Board Approves Change Requiring Renewals for Beach Driving, Parking Permits

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The East Hampton Town Board voted last Thursday to require town residents to renew beach driving permits roughly every five years — or on any year ending in a “0” or “5” — with Councilman David Lys voting against the resolution, citing ongoing litigation regarding beach access near Napeague Lane in Amagansett.

The board was unanimous in adopting a sister resolution Thursday night, creating a similar schedule for resident beach parking stickers, which will also have to be renewed every five years.

Prior to this change in town code, residents in East Hampton Town were not required to renew either parking or beach driving permits and stickers, which are free. In Southampton Town and East Hampton Village, those permits and stickers must be purchased every year.

During a public hearing on changes to both sections of the code, Diane McNally, a former East Hampton Town Trustee for 28 years, expressed concerns about the changes to the code. She cautioned the board that should it decide to eventually charge for resident parking permits, history has shown that would be an unpopular decision.

Ms. McNally noted the code allows the board to set a fee “from time to time.” Under the language in the resident parking permit section, the word “free” is removed from part of the resident permit language in the legislation adopted Thursday night. That said, Supervisor Peter Van Scoyoc stressed the town board had no desire to start charging for resident parking.

“I will emphatically state we have no intention to charge residents for fees for parking or beach driving,” he said.

“I am sure there are a lot of constituents who will be happy to hear that,” said Ms. McNally, “tied into the fact that access on our beaches and to our beaches is one of the few remaining advantages residents have. There is no fee attached to it. They can get there.”

“It is something we all cherish,” said Mr. Van Scoyoc.

Like Mr. Lys, Ms. McNally urged the board to consider holding off on any changes to the code regarding beach driving until an appeal of a lawsuit brought by a group of Amagansett homeowners in what is often referred to as “Beachhampton” is adjudicated.

Those homeowners have opposed the town trustees’ allowance of four-wheel drive vehicles on the beach there, sometimes referred to as “Truck Beach,” and argued they had title to a portion of the beach — claims that were dismissed in 2016 and are now being reviewed under the state’s appellate court.

“I came this evening because I want to seriously ask you not to change this code right now,” said Ms. McNally. “As you know, we have been through a very lengthy and very expensive lawsuit in regard to a section of ocean beach. We were actually very successful and yet now it is being appealed.”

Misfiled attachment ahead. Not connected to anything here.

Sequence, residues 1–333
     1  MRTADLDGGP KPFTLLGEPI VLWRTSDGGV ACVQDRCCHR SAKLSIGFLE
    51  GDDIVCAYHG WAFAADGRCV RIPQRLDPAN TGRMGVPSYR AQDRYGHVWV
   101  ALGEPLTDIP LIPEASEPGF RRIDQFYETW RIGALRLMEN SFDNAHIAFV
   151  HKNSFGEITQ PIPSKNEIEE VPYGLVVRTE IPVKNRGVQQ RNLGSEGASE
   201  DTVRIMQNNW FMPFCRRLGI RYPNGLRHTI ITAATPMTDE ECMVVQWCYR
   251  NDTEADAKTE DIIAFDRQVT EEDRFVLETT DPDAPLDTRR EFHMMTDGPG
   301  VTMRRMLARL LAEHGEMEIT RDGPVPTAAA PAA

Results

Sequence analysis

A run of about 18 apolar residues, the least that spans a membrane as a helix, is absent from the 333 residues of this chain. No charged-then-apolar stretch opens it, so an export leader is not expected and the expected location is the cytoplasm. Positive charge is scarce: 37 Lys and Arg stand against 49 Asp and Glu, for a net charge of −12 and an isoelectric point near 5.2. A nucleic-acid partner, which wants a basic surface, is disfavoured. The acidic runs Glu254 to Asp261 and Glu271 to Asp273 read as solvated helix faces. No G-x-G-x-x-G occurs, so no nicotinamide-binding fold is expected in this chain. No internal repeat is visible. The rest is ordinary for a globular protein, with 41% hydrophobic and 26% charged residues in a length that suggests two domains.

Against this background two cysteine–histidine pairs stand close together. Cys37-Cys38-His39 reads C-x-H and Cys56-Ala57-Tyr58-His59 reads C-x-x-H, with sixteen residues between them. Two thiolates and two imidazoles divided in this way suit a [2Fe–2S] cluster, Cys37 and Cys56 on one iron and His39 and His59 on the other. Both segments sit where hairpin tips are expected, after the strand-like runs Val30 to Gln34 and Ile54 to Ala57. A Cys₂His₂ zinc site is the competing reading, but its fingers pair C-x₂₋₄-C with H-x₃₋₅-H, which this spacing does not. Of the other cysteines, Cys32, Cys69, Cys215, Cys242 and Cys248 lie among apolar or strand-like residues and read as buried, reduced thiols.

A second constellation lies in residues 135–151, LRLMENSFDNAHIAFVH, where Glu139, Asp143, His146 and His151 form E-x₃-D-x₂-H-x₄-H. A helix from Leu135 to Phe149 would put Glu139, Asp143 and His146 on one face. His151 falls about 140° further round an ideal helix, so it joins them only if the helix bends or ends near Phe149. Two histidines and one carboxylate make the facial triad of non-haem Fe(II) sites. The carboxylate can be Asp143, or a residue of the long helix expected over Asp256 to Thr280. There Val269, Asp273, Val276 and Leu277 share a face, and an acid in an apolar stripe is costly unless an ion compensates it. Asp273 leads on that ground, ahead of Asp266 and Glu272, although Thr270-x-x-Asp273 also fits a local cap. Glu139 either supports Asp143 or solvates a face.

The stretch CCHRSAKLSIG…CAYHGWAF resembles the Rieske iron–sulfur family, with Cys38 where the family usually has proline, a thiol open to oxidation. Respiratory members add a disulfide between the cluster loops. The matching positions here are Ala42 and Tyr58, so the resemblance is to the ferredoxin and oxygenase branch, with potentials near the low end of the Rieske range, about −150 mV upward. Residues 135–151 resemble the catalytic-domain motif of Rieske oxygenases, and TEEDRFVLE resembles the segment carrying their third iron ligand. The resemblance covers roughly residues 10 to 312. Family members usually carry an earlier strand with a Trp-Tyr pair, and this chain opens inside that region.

Ms. McNally said it was a major concession for the town trustees to accept the town board’s decision to require permits for beach driving. She questioned whether or not permits being kept by non-residents who purchase a resident’s vehicle with a sticker was truly an issue.

“If this is a serious problem, let’s make that documentation — the number of fines — public and see what kind of problem it really is,” she said.

While Mr. Lys cast the lone “nay” in a 4-1 vote regarding changes to the beach driving permit process, the town board was unanimous in approving changes to the resident parking permit section of the code.

The new laws will go into effect for town residents this summer, with existing resident permit carriers required to renew in 2020.

Non-resident beach parking permits remain available on an annual basis for $375; and under the code, hotel and motel property owners or management can still purchase one transferable permit per unit for transient guests for $75 apiece. Condominium properties with more than four units also have the ability to apply for the same permit; however, they will be allowed only one per unit on a property and if a residential parking permit has already been granted for a unit, it will no longer be eligible for the commercial parking permit.

Renters of single- or multi- family homes are not eligible for resident or commercial lodging permits, but can purchase the non-resident parking sticker for one year.

 

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